IT’S somewhat disheartening when work and illness keep you away from the water and even more so when the first weekend you get back, there’s a massive low-pressure system with rainfall up to 200mm and strong wind expected.
This particular weekend also coincided with the Redland Bay Amateur Fishing Club’s Wilson Moreton Bay & Offshore Family Fishing Challenge.
It was our intention to enter as our first competition as a family because we missed last year’s event due to poor weather as well. With potentially dangerous conditions forecast, at best we’d have been fishing in a creek or area protected by the wind.
However, in an open boat the torrential rain would have been horrid, and with our two little ones just recovering from colds and coughs, we decided to pull the pin. I was actually quite content to stay at home and spend some time catching up on chores, however my Flathead Classic teammate Kord Luckus from Wilson Fishing had other ideas.
He was ultra keen on fishing the competition with his son Cade and as he had managed to scam the use of Troy Dixon’s vessel (thanks Dicko!), he had protection from the weather. And of course he wanted me to come along.
So the Friday before the competition, I left home with Leeann shaking her head and calling me a “mad bugger” to go and dig worms on the Gold Coast in preparation for an early start the following morning. With rain falling Saturday morning, I didn’t exactly jump out of bed with excitement. In fact, I met with Kord and Cade and we had a leisurely breakfast and coffee while waiting for the sun to rise before packing our gear into the boat and launching into the Coomera River.
As forecast, it was horrible, particularly when the wind blew straight up the river into the back of the boat, and with it, the horizontal rain. I wasn’t expecting great things as often such pressure systems can turn the fish off the bite, however I was pleasantly surprised when a few quality whiting started making their way into the boat. We fished the usual way, with rods laying on the transom and in the holders, but with the wind howling it was impossible to use the second anchor to hold such a big boat steady.
As with most of my whiting sessions, we used both the Gary Howard Club Special light surf rods teamed with Alvey reels and light line. Also in the arsenal were light threadline rod and reel combinations from Wilson Fishing spooled with light braid. Regular bites from the whiting were more than welcome and it wasn’t long before we had a 40cm whiting in the boat.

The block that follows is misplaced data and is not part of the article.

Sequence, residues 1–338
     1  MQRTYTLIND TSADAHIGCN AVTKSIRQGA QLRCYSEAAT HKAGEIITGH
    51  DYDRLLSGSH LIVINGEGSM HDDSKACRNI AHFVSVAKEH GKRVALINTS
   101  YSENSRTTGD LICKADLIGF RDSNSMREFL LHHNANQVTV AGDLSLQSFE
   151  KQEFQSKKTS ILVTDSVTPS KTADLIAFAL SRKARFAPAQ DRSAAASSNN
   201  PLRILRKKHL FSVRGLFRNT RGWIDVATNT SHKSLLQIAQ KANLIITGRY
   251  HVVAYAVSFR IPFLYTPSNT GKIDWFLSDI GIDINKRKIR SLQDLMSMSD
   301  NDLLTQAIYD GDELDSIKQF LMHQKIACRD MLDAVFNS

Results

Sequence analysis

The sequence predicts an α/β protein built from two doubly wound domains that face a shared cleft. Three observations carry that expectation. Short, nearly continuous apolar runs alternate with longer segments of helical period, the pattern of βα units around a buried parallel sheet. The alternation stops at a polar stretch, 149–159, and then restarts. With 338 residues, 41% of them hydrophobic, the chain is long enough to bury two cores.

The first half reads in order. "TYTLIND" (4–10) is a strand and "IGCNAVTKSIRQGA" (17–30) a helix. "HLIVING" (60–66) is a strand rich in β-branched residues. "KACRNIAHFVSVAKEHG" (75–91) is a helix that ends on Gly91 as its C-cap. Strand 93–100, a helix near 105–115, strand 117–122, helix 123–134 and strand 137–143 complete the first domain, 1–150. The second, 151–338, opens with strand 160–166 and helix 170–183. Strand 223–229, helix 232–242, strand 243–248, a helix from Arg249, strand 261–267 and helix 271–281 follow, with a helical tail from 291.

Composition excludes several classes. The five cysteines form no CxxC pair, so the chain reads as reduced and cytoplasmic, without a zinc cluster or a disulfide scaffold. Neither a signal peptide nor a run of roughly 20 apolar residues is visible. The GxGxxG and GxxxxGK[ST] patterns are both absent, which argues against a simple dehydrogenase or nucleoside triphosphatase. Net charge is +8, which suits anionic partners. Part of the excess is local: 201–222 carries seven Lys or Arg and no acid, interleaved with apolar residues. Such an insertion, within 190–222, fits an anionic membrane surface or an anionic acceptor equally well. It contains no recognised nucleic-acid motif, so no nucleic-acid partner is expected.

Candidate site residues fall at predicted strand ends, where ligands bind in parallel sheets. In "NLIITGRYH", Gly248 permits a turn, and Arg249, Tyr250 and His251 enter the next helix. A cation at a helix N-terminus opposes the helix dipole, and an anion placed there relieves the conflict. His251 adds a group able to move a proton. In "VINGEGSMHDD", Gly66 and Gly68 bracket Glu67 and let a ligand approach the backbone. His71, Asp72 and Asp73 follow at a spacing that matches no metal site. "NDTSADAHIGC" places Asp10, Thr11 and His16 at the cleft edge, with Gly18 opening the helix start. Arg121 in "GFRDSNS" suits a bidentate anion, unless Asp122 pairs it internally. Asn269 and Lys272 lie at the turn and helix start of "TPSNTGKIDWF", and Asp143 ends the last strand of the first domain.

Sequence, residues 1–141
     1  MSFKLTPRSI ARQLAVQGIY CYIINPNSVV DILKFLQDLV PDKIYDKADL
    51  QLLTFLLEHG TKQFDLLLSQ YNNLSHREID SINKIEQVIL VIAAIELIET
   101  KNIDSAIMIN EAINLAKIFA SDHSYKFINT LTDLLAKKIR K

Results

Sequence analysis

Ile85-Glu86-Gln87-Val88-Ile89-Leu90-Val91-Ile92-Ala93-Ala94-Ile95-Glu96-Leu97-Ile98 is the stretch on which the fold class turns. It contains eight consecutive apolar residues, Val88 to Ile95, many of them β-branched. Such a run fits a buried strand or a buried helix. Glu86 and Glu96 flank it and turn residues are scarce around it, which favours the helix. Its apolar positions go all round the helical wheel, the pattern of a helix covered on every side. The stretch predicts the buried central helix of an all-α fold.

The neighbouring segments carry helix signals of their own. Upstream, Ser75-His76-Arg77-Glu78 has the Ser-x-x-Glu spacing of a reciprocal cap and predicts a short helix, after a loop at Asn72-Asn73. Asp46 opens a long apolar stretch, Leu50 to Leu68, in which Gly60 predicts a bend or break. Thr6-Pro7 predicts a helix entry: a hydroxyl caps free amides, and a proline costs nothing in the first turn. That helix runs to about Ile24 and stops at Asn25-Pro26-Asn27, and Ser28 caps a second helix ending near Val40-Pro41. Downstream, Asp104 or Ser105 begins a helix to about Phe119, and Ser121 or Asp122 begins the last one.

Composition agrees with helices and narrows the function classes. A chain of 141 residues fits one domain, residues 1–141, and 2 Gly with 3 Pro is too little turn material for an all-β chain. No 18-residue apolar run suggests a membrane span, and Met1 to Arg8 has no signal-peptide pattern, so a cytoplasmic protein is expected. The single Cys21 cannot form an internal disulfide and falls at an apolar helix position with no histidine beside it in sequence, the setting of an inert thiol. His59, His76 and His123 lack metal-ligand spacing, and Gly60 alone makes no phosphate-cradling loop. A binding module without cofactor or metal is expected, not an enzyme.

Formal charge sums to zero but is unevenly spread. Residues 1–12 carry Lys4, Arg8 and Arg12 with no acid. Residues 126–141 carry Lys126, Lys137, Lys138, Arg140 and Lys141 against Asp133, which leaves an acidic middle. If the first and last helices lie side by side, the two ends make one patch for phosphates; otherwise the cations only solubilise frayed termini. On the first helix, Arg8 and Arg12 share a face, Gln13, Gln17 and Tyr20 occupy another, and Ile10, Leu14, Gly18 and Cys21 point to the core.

In this particular competition, any fish over 40cm can win a prize, with the angler bringing in the longest fish earning first prize and the remaining anglers going into the ‘40cm Club’ and earning the chance to have their name drawn from a hat to win cash and prizes.
Cade was fishing the junior section and managed to catch a beautiful big bream. He was a pleasure to fish with and with such inclement weather being thrown at him, he did well to make it through the session.
We mostly fished the edges of sandbanks and wherever we could find a spot that offered some protection from the wind along with a good chance of catching more fish. After boating a few more whiting and whinging about the really crappy weather, it was time to call it a day and make it to Redland Bay for that afternoon’s weigh-in and prize draws.
Keeping my fish in an ice slurry to ensure it didn’t shrink too much before the weigh-in, I was happy to have the fish measure in at 40cm. That meant I’d be in for a chance of a prize the following day if my name was drawn from the hat. The biggest whiting that afternoon was a beautiful 42cm fish but I doubted whether that would win the competition.
Kord, Cade and I decided to give the fishing a miss that evening because the weather was still pretty ordinary and we happily made our way back to our nice warm and dry homes. We had a sleep-in on Sunday, and then cleaned up the fishing tackle and filleted the whiting before venturing to the competition activities that afternoon. Interestingly, the stomach contents of the fish revealed they’d been feasting on yabbies.
It had been some years since Leeann and I had fished one of the RBAFC’s competitions and we were pleasantly surprised at how well it was run and just how family orientated it was.
One of the best ideas at the competition is giving every competitor a chance of winning the major boat prize through a random lucky draw. Competitors’ numbers are drawn at the Friday briefing as well as the Saturday and Sunday weigh-ins and the person whose name is drawn then has 60 seconds to get up on stage to be in for a chance of winning the boat. All competitors drawn out over the three days go up on stage on Sunday and are guaranteed a prize, however the very last name drawn wins the major prize.
This is by far the best way of giving away a major prize due to the unfortunate fact that some anglers cheat by fishing prior to the comp, catching their fish in areas they shouldn’t be fishing and sometimes feeding up the fish in a tank at home.
Unfortunately I didn’t win any prizes, with the longest whiting measuring in at 43.5cm, but I was very impressed with the fast flow of the competition formalities. The RBAFC did a fabulous job in very trying conditions and I must congratulate the members on such a great competition.
We are ultra keen to fish this competition next year and are already praying for some good weather.